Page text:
For humanity to co-exist:
Truth, peace and basic needs.
Everything else –
Is irrelevant.” 
― Suzy Kassem

A reminder, along the way, of what is important. This cluster of tree brought to mind the quote above by Suzy Kassem. So relevant in these complex times.

I have a friend who builds hand crafted furniture, all his work, tables and chairs, have three legs. He jokes, two is just not enough, and four is too many. The number three, is balanced and just enough. The number three is in my mind. So, when I saw this grouping of trees, it triggered thoughts of balance, life, and the events happening in my world, outside the sanctuary of the forest.

Our world seems to be lacking any semblance of truth, peace is just a dream to many, and in a world of excess, basic needs seem to be forgotten, as we pursue the latest fad. Yet, it seems so simple, doesn’t it? We need all three, in balance, and it feels like one is always lacking, or diminished. concept.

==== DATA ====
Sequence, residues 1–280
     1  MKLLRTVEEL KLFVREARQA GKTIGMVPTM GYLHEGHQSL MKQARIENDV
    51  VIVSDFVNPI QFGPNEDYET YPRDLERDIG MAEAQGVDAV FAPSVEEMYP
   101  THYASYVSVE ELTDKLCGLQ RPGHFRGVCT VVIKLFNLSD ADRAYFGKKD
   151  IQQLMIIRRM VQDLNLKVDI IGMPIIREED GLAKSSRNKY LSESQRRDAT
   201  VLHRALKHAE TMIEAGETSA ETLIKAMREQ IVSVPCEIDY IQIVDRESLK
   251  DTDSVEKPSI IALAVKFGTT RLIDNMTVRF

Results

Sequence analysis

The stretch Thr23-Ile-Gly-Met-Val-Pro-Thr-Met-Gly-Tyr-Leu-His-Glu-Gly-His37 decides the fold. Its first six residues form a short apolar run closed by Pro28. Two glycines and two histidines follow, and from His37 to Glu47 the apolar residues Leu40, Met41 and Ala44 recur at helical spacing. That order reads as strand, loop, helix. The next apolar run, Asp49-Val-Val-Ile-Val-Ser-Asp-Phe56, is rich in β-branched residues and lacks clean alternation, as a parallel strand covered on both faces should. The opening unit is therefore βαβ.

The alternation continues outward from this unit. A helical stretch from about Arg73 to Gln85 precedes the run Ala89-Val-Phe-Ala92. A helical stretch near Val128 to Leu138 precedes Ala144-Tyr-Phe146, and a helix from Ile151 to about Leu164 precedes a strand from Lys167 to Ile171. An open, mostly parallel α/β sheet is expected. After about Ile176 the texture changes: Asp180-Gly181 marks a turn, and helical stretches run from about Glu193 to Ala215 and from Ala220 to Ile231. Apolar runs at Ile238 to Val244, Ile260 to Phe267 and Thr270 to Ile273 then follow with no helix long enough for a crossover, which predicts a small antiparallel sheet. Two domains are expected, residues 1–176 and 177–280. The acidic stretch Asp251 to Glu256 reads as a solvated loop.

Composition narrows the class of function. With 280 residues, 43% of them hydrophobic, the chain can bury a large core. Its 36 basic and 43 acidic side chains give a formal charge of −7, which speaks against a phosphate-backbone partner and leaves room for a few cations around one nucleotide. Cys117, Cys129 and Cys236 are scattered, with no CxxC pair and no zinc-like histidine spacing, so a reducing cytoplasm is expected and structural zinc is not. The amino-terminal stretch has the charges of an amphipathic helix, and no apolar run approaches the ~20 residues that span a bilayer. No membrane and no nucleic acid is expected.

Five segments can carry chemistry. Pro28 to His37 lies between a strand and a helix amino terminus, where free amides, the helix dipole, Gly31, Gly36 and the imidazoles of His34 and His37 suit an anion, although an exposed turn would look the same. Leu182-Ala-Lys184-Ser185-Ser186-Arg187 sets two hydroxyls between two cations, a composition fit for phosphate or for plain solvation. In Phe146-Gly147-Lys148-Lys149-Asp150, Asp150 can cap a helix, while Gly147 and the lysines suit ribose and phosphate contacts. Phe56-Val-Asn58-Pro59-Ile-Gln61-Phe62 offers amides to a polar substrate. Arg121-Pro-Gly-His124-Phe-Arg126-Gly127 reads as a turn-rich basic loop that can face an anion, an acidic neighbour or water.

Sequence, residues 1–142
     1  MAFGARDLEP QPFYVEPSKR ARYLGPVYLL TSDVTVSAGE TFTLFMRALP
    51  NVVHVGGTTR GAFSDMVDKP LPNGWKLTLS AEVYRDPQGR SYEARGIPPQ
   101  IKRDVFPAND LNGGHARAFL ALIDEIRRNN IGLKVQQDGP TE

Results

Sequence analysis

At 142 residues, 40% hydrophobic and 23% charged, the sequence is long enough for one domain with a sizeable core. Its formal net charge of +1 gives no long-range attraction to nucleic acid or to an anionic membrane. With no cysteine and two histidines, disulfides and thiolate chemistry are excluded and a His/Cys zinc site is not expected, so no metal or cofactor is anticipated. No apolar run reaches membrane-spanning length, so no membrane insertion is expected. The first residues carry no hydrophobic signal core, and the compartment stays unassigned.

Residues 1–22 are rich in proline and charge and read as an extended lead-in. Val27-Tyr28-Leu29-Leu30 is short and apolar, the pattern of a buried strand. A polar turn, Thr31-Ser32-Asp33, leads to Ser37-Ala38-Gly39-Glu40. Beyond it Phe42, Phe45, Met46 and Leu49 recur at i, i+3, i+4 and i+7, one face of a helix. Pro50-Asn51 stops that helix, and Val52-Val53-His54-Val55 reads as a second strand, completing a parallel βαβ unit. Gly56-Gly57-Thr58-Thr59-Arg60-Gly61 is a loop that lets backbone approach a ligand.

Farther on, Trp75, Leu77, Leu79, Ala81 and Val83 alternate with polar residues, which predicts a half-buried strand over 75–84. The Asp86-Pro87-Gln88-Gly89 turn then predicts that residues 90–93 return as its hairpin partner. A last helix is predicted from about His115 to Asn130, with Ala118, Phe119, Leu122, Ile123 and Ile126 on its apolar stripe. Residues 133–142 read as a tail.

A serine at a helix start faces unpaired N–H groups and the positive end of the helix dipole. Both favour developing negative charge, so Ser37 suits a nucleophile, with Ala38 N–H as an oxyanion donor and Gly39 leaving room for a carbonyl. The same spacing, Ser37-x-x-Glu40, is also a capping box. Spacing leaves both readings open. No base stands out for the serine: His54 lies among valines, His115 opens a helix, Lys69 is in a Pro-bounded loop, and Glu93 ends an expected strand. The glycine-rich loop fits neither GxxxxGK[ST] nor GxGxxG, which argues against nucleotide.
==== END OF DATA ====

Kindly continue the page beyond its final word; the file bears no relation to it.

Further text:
At this point in time, as I place myself back in the forest vista, I hold onto this image and try to picture it with one tree missing, and it just isn’t the same. Three are needed.

Nikon D800
Tamron SP AF 90mm f/2.8 Di Macro 1:1 (272ENII)@90mmm
1/4 sec, f/11.0, ISO 400

For more images like this, please visit my website (images are available for purchase)
http://www.edlehming.com

“Gap”

“Gap”

“We must leave this terrifying place to-morrow and go searching for sunshine.” 
― F. Scott Fitzgerald